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BLOG 2018

ANOTHER YEAR DOWN AND OUT - DECEMBER 31 2018
People have been shooting off fireworks during the evening but now, a couple of hours into the night, all seems quiet, not a sound apart from the ventilation of my studio computer trying to do its Darth Vader thing. I'm typing this New Year's Blog - traditions, traditions - whilst rendering video edits from our HCA Festivals concerts earlier this year, currently working on Skyggen, The Shadow for those of you not fluent in Danish, based on the gothic fairytale of the same name by Hans Christian Andersen, a story of a learned writer who loses his shadow. Years later, however, the shadow returns and befriends its former master only to slowly but surely reverse roles.

How are you treating your shadow? Or should I say; how is your shadow treating you? Do you find yourself hunting that diagnosis which will turn your everyday paranoia into a medical statement, your very own identity or do you fight for democracy and your right to not help those in need, to separate children from parents, brothers from sisters by casting a vote whenever it doesn't rain? Do you feel confused enough about people confused about their gender or sexuality to spew poison, hiding in the shadows of the internet, writing behind backs or looking for every chance of accusing those who happen to not agree with you, one way or the other? Do you know what you really mean? Which are your thoughts and which are those of the shadow? And do you feel loneliness lurking somewhere near by, getting closer, closer, right behind you right now. Or is it but your shadow?

In this - and any - case I bid you a happy new year and wish you the best of luck. You may very well need it, more than you realise.


THE ECSTASY OF NON-COMMUNICATION - DECEMBER 08 2018
'The need to speak, even if one has nothing to say, becomes more pressing when one has nothing to say, just as the will to live becomes more urgent when life has lost its meaning.'
Nothing like good old sarcastic pessimism. The words were Baudrillard's and do in fact not address everyday life on social media - they date back to the eighties. Almost uncanny, right? Let's sing a song instead, shall we? 'Pale blinds drawn on day, nothing to do, nothing to say.'- Bowie most probably was talking about depression, good old Weltschmerz, and certainly not thinking of the common internet troll, but once again, uncanny, eh?

I remember a Laurie Anderson interview years ago when the internet was relatively young and everybody was optimistic about it; now, finally, we'd build a digital Utopia beyond the boundaries of race, gender, sexuality, religion, social class - everybody would get their say. Enter Laurie, tech oracle with spiky hair who had just two comments: remember just because everybody gets the chance to speak doesn't mean everybody actually has something to say. Oh, and enjoy the next few pioneering years, before the entire internet is turned into mass marketing and advertisement galore.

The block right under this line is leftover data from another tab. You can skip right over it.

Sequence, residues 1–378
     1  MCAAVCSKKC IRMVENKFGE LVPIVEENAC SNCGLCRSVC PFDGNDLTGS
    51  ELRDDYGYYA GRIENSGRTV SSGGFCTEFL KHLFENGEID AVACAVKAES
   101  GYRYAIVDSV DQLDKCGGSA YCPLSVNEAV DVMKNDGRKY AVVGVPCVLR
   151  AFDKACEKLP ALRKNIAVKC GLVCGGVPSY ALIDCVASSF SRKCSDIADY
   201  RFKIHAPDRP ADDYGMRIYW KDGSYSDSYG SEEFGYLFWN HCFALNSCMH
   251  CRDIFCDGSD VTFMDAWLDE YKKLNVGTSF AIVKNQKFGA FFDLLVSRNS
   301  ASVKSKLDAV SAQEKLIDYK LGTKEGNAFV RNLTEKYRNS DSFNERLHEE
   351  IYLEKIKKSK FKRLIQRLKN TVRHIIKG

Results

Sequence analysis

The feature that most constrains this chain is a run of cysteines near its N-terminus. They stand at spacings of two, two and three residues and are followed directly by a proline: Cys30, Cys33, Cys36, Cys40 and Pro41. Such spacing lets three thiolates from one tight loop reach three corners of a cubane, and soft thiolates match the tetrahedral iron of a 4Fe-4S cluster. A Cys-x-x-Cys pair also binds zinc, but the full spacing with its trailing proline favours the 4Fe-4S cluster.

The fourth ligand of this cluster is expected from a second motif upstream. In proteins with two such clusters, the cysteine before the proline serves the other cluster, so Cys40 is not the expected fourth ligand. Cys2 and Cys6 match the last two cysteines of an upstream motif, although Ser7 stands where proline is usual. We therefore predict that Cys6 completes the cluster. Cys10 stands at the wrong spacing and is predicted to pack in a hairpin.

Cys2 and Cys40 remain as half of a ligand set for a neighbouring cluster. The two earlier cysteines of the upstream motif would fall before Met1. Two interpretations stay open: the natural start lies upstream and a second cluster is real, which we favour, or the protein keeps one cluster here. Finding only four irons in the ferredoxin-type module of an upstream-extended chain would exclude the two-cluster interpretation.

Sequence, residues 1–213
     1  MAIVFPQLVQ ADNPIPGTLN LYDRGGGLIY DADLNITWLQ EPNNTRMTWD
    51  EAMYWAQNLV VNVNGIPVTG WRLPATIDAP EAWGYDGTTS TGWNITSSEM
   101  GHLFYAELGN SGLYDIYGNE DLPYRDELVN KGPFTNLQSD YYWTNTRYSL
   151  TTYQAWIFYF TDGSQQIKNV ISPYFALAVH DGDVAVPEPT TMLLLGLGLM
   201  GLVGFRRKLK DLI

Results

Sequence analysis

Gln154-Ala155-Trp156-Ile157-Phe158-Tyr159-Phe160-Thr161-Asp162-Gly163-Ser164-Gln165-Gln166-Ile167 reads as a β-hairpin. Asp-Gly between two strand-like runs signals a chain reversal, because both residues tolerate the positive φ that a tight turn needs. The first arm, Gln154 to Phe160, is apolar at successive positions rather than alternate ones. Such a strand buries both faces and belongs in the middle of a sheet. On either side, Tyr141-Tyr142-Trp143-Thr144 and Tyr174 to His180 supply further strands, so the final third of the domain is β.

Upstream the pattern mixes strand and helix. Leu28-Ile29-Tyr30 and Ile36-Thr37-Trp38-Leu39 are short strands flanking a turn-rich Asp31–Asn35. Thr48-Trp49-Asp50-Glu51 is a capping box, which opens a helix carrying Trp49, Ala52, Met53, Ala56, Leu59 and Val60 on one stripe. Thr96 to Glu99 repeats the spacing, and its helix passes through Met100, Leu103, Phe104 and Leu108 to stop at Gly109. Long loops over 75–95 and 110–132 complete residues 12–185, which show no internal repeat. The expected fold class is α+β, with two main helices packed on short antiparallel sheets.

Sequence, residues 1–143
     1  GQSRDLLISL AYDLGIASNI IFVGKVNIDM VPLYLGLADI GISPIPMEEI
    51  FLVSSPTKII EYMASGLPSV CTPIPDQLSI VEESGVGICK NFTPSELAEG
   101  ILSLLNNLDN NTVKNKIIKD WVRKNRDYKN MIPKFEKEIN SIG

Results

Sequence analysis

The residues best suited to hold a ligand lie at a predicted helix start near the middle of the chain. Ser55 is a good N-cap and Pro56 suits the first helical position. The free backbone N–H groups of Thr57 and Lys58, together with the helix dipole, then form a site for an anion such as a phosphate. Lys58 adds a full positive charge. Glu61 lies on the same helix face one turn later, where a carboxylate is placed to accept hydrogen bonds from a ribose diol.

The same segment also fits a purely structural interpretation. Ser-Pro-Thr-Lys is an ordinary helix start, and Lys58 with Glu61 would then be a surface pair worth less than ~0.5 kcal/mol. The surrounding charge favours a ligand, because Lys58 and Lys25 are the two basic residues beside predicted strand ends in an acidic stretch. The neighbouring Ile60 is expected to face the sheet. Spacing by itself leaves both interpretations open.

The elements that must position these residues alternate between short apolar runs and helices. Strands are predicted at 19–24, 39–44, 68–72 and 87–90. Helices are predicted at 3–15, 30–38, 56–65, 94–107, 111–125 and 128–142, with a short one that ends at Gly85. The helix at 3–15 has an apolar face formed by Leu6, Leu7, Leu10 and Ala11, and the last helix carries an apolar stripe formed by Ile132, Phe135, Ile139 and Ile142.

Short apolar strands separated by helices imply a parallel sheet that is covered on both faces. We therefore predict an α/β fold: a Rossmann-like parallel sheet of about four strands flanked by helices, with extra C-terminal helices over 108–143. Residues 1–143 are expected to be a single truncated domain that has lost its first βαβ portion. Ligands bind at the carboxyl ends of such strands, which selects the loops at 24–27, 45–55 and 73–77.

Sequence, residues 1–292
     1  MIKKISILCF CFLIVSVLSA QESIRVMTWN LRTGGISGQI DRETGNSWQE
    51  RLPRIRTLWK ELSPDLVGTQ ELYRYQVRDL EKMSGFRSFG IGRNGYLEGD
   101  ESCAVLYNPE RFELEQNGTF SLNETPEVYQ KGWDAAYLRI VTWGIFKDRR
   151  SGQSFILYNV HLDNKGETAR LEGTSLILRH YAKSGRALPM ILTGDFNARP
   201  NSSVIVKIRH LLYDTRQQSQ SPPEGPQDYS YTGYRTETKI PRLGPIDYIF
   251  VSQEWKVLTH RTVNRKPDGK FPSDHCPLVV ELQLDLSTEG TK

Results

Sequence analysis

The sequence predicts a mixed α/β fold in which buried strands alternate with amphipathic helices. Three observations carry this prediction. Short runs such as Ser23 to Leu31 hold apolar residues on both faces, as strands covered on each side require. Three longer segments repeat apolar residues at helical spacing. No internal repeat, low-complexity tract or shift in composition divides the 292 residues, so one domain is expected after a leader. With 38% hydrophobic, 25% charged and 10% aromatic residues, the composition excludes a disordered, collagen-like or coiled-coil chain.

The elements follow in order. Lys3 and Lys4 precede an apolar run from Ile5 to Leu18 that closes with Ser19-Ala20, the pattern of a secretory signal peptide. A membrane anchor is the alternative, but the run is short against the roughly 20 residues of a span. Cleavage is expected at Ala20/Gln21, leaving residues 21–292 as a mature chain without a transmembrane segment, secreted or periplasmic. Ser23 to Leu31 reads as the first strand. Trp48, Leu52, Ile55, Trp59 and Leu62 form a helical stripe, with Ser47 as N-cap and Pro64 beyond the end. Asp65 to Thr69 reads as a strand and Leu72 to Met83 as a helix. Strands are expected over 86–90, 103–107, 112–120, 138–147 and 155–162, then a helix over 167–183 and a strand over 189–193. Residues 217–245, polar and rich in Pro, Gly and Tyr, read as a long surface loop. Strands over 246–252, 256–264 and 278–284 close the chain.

I also remember growing up on the Commodore 64, taking the first few virgin steps into the cyberspace that was Pac Man's maze, I remember the fascination and the longing for that world of Other beyond the screen, the closest thing to Narnia and the Neverland I'd been, and I remember digging William Gibson massively just a few years later because his books were all about that fascination and longing. On the 64 the cool crackers and hackers had modems, they'd swap games, demos, music on bulletin boards and there were even a few net-based games and we mere mortals dreamed of those, the ecstasy, as Baudrillard would have it, of communication. And yes, it was ecstasy and pure bliss a couple of years later, gorgeousness and gorgeousity made flesh, endless nights on the internet communicating with people all over the world. It became a vehicle for subculture, a music scene in its own right, websites as art and expression, games too, and porn, needless to say. You'd make a zillion new friends you never met, some of whom never existed anyway - it was a rave new world, a techno party of communication on ecstasy.

And yet these years I find myself less and less interested in the ecstasy of communication. The thing is this; once something turns everyday it is no longer ecstasy. I bear no technophobic grudge, I do not believe the internet to be the wicked witch of machinery, indeed, my feeling of detachment has little to do with technology, it's a human thing altogether. I use the net and indeed social media, however, I find myself leaving groups and forums rather than joining them, I find myself less and less inclined to partake in online discussions, posting updates or reading those of other people. Not out of arrogance, it seems more a lack of interest or, dare I say, meaning. I'm reminded of John Cage whose interest in aleatoric music made him question his own role as composer - in essence he was increasingly working himself out of the loop as he grew older and then he died. Problem solved. The real and nagging question however is whether or not this is an overall good or bad strategy as regards digital communication given the current state of the world.

Oh, and by now you have probably realised this is just a fancy way of saying I completely forgot about updating my blog this year.


Copyright: Ras Bolding 2018

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